Movies with smoking scenes should be slapped with adult content ratings, some researchers say.

While Canada and the U.K. have ratified the World Health Organization's Framework Convention on Tobacco Control, they are not yet enforcing it, according to Christopher Millett of London's Imperial College.

He makes the point, along with his co-authors, in this week's issue of Public Library of Science's journal's PloS Medicine.

The convention says all future movies with scenes of smoking should  be given an adult content rating, with the possible exception of movies that depict the dangers of tobacco use or smoking by an actual historical figure who smoked.

The main reason to support the film rating recommendation is to create an economic incentive for producers to leave smoking out of movies marketed to youth, the authors said.

"Governments should ensure that film subsidy programs are harmonized with public health goals by making films with tobacco imagery ineligible for public subsidies," they concluded.

What's worse, "many governments provide generous subsidies to the U.S. film industry to produce youth-rated films that contain smoking and as such indirectly promote youth smoking."

Provincial data suggests about $32 million in annual public funding was used during the fiscal year 2008-2009 to subsidize youth-rated U.S. films that were shot in Canada and contained smoking, the researchers said.

In comparison, Canada spent $150 million on tobacco control the same year.

Overall, the analysis suggested that between one-half and two-thirds of U.S.-produced films youth rated and government subsidized in Britain, Canada or the U.S., contain smoking.

Arguing against censorship

Because of differences in film rating practices, Canadian and British youth are exposed to higher levels of tobacco imagery in films that rated and marketed for youth than their U.S. counterparts, the authors said.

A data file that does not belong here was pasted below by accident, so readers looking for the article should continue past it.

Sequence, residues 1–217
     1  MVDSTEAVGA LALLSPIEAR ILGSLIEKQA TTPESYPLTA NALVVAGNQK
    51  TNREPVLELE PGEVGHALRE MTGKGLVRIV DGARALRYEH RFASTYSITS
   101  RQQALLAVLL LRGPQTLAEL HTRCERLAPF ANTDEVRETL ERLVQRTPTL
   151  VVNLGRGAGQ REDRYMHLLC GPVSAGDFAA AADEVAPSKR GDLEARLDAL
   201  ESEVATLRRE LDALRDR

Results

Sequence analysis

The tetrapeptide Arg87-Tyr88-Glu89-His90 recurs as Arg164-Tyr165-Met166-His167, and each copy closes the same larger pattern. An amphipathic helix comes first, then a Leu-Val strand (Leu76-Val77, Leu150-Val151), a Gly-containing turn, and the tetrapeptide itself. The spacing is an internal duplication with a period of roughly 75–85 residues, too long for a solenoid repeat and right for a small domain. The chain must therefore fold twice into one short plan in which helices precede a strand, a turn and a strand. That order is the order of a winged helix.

As of May, the researchers said smoking was not yet part of the film classification criteria in any province but an Ontario health ministry committee recommended that films and video games with tobacco imagery receive an adult rating of 18A.

A second paper appearing in the same issue strongly argues against adult rating for films with smoking scenes.

Simon Chapman from the University of Sydney, Sydney, Australia and Matthew Farrelly from RTI International argued that:

  • The link between exposure to smoking in movies and smoking uptake is not a direct one.
  • Exposure to smoking scenes is much wider than just films, including the internet.
  • Adult classification of films is a highly inefficient way of preventing youth exposure to adult-rated content.
  • Censorship is not the best approach for this public health issue.

"We believe that many citizens and politicians who would otherwise give unequivocal support to important tobacco control policies would not wish to be associated with efforts to effectively censor movies other than to prevent commercial product placement by the tobacco industry," Chapman and Farrelly said.

None of the authors received specific funding for the articles and none declared any competing interests related to the article.